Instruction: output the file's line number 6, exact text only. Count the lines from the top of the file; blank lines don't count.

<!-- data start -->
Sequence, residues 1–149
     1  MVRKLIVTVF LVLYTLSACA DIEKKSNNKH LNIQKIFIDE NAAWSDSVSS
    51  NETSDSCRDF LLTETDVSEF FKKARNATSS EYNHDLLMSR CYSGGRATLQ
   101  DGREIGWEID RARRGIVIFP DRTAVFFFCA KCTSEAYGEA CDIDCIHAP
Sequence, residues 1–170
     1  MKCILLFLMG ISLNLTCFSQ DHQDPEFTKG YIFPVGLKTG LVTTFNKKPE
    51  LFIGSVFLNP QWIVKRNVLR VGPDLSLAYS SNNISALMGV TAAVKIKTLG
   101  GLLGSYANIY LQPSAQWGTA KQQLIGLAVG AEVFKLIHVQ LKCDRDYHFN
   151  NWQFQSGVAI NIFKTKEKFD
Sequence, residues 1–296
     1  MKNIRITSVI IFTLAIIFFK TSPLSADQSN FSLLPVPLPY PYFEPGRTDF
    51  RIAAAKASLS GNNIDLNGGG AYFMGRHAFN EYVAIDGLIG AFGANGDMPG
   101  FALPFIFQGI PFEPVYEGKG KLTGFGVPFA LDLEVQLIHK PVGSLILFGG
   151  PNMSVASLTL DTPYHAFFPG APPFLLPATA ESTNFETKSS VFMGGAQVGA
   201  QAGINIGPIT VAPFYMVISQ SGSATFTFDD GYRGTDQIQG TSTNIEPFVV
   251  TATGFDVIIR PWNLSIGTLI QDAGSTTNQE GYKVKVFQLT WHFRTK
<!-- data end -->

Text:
     1  MKCILLFLMG ISLNLTCFSQ DHQDPEFTKG YIFPVGLKTG LVTTFNKKPE